The Arab Spring may not be what it’s cracked up to be. “Spring in Egypt, Libya, and Bahrain has begun to stretch ominously into rather a Long Hot Summer, and all the hotter in Syria, the Iranian satellite, where the landscape is a killing field saturated with the blood of its own citizens.” Read the whole thing.

President Obama doesn’t repair all the damage. “Obama’s revisionist talk before AIPAC was short, but it was not all rainbows and unicorns. While the president seemed to understand that his previous pre-1967 remarks caused widespread anger here and abroad, Obama also seemed to call attention to a Sword of Damocles suspended over the Middle East and Israel.”

Bashar al-Assad isn’t what he was cracked up (by the Obama team) to be: “One mystery of American foreign policy, in Administrations of either party, is the eternal hope that the Assad family dynasty in Syria will one day experience an epiphany and become a reforming, pro-Western government.”

Obama didn’t repair all the damage: “President Obama failed to ease mounting worries of key Jewish donors Sunday at a speech before the annual policy conference for the American Israel Public Affairs Committee (AIPAC). . . . ‘Here they were clearly hoping to soothe the concerns of Jewish donors in the Democratic Party. It turned into a disaster, maybe the worst confrontation this administration has had to date with Israel. If Obama gets re-elected, there will be a price for Israel, these guys hold a grudge.’”

Border disputes aren’t what they have been cracked up to be in the “peace process,” says House Majority Leader Eric Cantor (R-Va.): “A Palestinian woman from Gaza arrives at Soroka Hospital in Beersheba for lifesaving skin treatment for burns over half her body. After the conclusion of her extensive treatment, the woman is invited back for follow-up visits to the outpatient clinic. One day she is caught at the border crossing wearing a suicide belt. Her intention? To blow herself up at the same clinic that saved her life. . . . It is this culture that underlies the Palestinians’ and the broader Arab world’s refusal to accept Israel’s right to exist as a Jewish state. This is the root of the conflict between Israel and the Palestinians. It is not about the ‘67 lines. And until Israel’s enemies come to terms with this reality, a true peace will be impossible.” Is Obama capable of saying this? Certainly not.

Bret Stephens on a panel at AIPAC following the president’s speech said he didn’t repair all the damage. “The question of the 1967 lines I don't think is as innocent as the president laid it out earlier today.The issue isn’t where the lines are drawn, the issue is the nature of the Palestinian state.The one Arab society in which he didn’t call for reform is the Palestinian society, that’s problematic.” This got loud and sustained applause.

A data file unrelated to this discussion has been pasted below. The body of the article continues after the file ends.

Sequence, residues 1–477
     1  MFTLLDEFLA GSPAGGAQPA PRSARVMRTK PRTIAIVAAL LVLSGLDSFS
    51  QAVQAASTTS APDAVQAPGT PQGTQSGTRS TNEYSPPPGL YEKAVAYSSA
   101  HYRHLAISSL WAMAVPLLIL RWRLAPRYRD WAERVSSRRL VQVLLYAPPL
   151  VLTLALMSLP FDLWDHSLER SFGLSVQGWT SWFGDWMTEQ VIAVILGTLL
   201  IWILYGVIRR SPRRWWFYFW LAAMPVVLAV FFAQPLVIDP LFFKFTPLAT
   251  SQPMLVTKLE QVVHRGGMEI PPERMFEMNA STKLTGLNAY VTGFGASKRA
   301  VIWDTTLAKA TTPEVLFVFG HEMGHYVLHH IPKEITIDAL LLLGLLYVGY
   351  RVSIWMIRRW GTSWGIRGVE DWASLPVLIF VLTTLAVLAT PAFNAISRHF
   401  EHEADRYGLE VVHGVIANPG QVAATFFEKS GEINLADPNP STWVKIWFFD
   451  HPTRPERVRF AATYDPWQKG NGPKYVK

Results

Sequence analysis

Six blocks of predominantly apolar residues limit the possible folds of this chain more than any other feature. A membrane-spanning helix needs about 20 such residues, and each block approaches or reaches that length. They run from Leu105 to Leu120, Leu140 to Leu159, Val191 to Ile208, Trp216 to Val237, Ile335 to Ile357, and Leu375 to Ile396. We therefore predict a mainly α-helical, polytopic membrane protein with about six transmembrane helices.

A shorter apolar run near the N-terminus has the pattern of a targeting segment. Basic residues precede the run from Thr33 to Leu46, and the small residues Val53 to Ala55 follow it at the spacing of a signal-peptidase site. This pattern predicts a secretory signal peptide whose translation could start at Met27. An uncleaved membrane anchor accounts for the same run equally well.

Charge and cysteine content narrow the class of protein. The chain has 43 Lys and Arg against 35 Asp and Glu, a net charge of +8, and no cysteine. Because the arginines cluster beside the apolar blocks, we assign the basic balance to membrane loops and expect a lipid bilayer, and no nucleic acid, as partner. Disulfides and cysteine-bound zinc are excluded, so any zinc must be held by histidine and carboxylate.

Pressuring Israel isn’t what it’s cracked up to be as a jump-starter for the peace process, Israeli Deputy Minister of Foreign Affairs Danny Ayalon told ambassadors: “The Palestinians have misinterpreted the messages from your countries. You have placed all the pressure on Israel and given an open check to the Palestinians, who have hardened their position. A unilateral track is one headed for collision. Considering the instability in the Middle East, it is important that the international community put pressure on the Palestinians to return to the negotiating table without any excuses. A Palestinian state will arise, as you well know, only as a result of negotiations with Israel and with the agreement of both sides.”

If Obama said what Senate Minority Leader Mitch McConnell (R-Ky.) did on Fox News Sunday he might be able to repair all the damage. “I mean, everybody knows that the ‘67 lines are just not tenable. There has been a lot of movement around in the last 44 years. Everybody knows the Palestinians are not in the end going to have a right to return. It wouldn’t even be a Jewish state if that happened. And everybody knows that Jerusalem, in the end, is not going to be divided. So, I think the old maxim that the parties to the conflict need to be the parties to the settlement still holds. The U.S. ought not be trying to push Israel into a deal that’s not good for Israel.” McConnell further observed, “And I think the president made a mistake. I think he’s been sort of trying to backtrack since then, as well he should.”